Raising a Hero


Raising a Hero
One Parent's Perspective on Graduation Day.

Most people may never meet their heroes.  I am bless to say that I have raised one of mine.  I am emotional and giddy that this weekend, I will get to see my hero cross a major milestone.  I will be able to hug him and maybe even get a picture of the two of us.  He has inspired me to be a better person.   His vision, strength and determination are my beacons for living my best life.  He is as big to me as any famous person.

I carry a small anchor that reminds me of all of his life teachings. It’s tattered- bent around the edges and starting to fade - but it is one of my prized possessions.  Tucked into my wallet where most people will never see it, is my eldest son’s military picture. Taken while he was in boot camp, there’s an American flag in the background on the dark blue background.  My son is in his dress uniform.  He looks pale, tired and very thin.  In fact so thin it doesn’t really look like him.  His face is exceptionally long and of course he has very little hair.  Still, I see strength in his eyes and pride in his stern, determined face.  This is his dream. 


Since he was 10 he has wanted to make the military his career.  We convinced him to get his college education before entering the service just in case it didn’t work out.  In the back of our minds we had thoughts that he would find a girlfriend, be enticed by a good paying job, or just decide he wanted to have freedom of choice.  At his college graduation, he did have a 4-year girlfriend, good paying job offers and the opportunity to live a great post-college life.  Still, he chose to pursue that military dream.  He broke up with his girlfriend and began serious training while taking the necessary steps to get a military contract.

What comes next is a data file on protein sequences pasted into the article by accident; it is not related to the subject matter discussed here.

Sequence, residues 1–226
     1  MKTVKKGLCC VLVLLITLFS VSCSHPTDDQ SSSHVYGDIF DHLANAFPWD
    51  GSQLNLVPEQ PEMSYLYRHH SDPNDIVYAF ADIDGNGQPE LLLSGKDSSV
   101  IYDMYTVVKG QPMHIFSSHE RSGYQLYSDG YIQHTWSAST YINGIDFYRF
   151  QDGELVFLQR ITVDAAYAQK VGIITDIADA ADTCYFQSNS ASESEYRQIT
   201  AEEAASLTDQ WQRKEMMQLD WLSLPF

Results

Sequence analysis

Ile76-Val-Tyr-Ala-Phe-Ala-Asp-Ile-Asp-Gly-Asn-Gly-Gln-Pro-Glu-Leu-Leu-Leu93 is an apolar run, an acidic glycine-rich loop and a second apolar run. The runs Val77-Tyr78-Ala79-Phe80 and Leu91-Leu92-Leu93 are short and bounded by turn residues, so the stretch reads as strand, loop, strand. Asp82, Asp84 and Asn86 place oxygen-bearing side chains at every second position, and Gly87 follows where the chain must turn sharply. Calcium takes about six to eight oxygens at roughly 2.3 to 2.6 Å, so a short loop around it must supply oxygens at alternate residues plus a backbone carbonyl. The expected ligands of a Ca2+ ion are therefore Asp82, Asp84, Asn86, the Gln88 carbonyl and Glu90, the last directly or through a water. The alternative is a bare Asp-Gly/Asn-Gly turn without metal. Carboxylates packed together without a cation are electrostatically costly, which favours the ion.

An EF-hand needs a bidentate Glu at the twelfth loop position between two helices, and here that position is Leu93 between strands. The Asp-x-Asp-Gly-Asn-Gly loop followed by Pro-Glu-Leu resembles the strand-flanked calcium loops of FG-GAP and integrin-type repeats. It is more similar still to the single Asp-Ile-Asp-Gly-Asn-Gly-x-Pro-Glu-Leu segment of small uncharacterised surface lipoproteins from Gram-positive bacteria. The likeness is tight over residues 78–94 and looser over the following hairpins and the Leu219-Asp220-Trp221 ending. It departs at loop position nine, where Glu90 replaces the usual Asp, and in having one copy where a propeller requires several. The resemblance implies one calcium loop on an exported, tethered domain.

His next year was filled with disappointment after roadblock after disappointment.  Most people including me would have given up and moved on to plan B. We love our son and if I am really honest, I was already thinking of his next non-military steps.  It was so painful to watch and feel the disappointment.   Our son? He never ever gave up.  He worked every angle to get past the roadblocks - even moving out of state to have a better recruiting opportunity.  To get the contract he wanted, he needed to be in the Top 3 of the national pool of applicants.  Several cycles, he missed the cut by mere seconds.  When he did make the Top 3, the military had run out of contracts for the year.  He would need to wait for their new fiscal year while continuing to improve his physical test scores.  Days seemed like weeks and weeks seemed like months.  Finally, after the first of the Fiscal New Year, our son received his contract.  Now he was on his way, however, he would not begin the active enlistment for another 6 months.  Another 6 months of continued physical training and patience.

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